many collections have been sent." We should also like to know how many of these collectors "have been made members of many scientific societies," how many have "been decorated with ribbons," and the color, style, and significance of these same ribbons. But especially would it delight the archaeological world to be favored with a list of the Sir Knights who have received the accolade as a reward of their great powers and magnificent achievements on the hard-fought field of American archæology, and who are now Sir Somebody Something and Sir Something Somebody among their untitled scientific brethren of this democratic land. We are free to confess that in our seclusion in "Ohio" we had not heard of these decorations, and did not know that the palæolithic heretics had amassed so much evidence in favor of their great archetype in America, or that they had been so highly and so widely honored for their discoveries. We must infer, though we had not heard of the fact, that our palæolithic acquaintance. Dr. Abbott, is now Sir C. C. Abbott, of Trenton, N. J., and Bristol, Pa. We congratulate him. Others will no doubt be heard from in due time.
We sincerely trust that the Director of the United States Geological Survey has not been in this instance also drawing on his imagination and clothing the creations of his fancy with "local habitations and names." But if not, we must express the fear that he has been looking at the palæoliths and their finders through his most powerful multiplying glass.
We write the above criticisms not without regret. Major Powell's services to geology as the head of the United States Geological Survey have been great. Not even himself will claim that they have been faultless. But in entering the controversial field it is needful first to make quite sure of the facts and then to reason logically from them. In the former respect some of Major Powell's paragraphs are "based on error," as we have shown, and his deductions from them are consequently mere fallacies. If no stronger argument can be found, the case for which he has pleaded may almost as well be abandoned.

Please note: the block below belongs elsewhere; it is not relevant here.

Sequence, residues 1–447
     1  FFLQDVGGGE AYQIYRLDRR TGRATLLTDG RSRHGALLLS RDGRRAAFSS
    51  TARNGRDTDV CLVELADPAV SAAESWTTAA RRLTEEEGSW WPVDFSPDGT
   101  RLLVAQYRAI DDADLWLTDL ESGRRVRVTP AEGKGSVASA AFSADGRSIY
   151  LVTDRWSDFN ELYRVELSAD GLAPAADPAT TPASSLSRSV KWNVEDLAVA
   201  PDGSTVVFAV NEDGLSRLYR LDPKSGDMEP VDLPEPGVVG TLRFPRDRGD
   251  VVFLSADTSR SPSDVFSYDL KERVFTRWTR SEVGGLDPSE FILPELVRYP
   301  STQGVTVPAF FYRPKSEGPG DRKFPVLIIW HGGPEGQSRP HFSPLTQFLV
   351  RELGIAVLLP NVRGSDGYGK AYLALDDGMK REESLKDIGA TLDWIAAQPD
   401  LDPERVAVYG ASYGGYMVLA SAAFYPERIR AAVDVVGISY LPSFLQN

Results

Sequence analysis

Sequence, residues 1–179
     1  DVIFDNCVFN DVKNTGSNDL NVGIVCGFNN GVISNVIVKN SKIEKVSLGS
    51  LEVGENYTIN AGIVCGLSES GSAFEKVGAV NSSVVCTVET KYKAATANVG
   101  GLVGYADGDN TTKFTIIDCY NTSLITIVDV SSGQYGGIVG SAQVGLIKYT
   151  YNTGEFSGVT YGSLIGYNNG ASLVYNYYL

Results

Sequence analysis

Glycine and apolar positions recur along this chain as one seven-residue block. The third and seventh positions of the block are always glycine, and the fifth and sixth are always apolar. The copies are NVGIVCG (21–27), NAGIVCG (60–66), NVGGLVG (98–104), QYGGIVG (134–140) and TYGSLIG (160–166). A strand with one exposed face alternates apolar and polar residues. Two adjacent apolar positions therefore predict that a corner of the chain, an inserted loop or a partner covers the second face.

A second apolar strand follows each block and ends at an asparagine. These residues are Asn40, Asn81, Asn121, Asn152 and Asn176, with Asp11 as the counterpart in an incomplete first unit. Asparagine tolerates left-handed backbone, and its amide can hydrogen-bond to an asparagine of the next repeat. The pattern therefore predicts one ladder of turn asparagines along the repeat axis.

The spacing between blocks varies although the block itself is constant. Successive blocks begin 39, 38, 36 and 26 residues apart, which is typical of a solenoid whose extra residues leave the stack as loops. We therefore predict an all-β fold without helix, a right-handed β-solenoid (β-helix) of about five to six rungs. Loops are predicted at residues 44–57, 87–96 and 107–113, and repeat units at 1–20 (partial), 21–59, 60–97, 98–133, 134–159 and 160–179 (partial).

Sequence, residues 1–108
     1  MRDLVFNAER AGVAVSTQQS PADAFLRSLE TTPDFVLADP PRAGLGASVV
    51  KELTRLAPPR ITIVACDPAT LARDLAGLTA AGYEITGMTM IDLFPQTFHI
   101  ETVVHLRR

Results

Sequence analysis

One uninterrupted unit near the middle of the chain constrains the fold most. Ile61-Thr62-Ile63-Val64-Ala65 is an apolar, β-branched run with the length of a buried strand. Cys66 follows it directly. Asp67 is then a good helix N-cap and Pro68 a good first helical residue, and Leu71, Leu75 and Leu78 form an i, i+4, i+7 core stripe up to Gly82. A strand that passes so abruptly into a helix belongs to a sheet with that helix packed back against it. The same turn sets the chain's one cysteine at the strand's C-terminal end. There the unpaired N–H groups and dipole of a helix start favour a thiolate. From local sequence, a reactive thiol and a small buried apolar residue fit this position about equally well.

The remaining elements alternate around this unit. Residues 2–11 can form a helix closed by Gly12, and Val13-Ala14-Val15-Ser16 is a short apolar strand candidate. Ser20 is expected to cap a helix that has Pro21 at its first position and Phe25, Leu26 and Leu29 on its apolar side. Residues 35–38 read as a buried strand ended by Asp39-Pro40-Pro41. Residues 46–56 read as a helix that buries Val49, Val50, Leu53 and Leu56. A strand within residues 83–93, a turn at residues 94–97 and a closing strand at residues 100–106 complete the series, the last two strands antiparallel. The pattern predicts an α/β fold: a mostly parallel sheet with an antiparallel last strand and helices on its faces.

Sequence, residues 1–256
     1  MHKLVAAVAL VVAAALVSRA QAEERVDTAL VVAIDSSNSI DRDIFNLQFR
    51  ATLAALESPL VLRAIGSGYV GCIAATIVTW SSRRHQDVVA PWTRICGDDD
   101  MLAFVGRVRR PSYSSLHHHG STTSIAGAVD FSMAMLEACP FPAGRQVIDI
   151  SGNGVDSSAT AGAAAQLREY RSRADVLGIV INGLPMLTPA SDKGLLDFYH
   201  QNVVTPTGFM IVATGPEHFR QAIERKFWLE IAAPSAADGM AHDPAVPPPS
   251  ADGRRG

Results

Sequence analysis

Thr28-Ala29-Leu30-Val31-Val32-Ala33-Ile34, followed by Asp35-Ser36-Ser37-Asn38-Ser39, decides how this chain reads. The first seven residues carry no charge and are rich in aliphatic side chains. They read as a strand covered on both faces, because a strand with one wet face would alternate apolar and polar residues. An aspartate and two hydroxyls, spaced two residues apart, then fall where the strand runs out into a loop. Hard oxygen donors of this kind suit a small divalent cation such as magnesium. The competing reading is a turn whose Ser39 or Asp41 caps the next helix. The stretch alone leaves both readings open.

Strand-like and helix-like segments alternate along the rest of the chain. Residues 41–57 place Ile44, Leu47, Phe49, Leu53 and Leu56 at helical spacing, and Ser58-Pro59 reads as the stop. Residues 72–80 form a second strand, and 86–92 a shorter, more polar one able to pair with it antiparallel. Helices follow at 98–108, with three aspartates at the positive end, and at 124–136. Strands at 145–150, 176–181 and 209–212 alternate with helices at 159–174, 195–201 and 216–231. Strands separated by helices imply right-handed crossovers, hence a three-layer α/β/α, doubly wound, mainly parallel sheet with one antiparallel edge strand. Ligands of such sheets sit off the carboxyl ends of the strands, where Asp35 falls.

In the midst of so much that is open to criticism it is refreshing and pleasing to find Major Powell expressing a sentiment with which all geologists and other scientists should agree and with which we ourselves are in full accord. We thank him for so well wording what must be the rule of all concerned who appreciate the present position of the palæolithic discussion in this country. He writes:
"We will all withhold final judgment until the evidence is in, being perfectly willing to believe in Glacial man or Tertiary man or Cretaceous man if the evidence demands it, and being just as willing too to believe that man was introduced on this continent within the last two thousand years if the evidence demands it. What care we what the truth is if it is the truth?"
Grant this, and courtesy in debate, and the present controversy will not have been useless.
|E. W. Claypole.|
|Akron, Ohio, June 29, 1893.|
AMONG the hopeful signs of the times we may reckon the increased attention that is being given in our higher schools to the study of "civics," a term which includes the general principles of government, the Constitution of our own country in particular, and the duties of citizenship. It is somewhat extraordinary that the importance of instructing our youth in these subjects was not earlier recognized; but we may hope that, now that they have been introduced pretty generally into our educational courses, they will assume the prominence to which they are entitled. If the State undertakes to educate, it should be mainly and primarily with a view to producing good citizens; and the instruction which specially pertains to this object should in all public schools have an honored, if not indeed the foremost, place.
What is government? is a question which must spontaneously occur to the mind of every young person, and the teacher is fortunate who has a subject to deal with in regard to which his or her pupils are already prepared to ask questions. Government, it can be explained, in the first place is control. Control may be exercised either for good or for evil—either in excess of requirements, or in due proportion to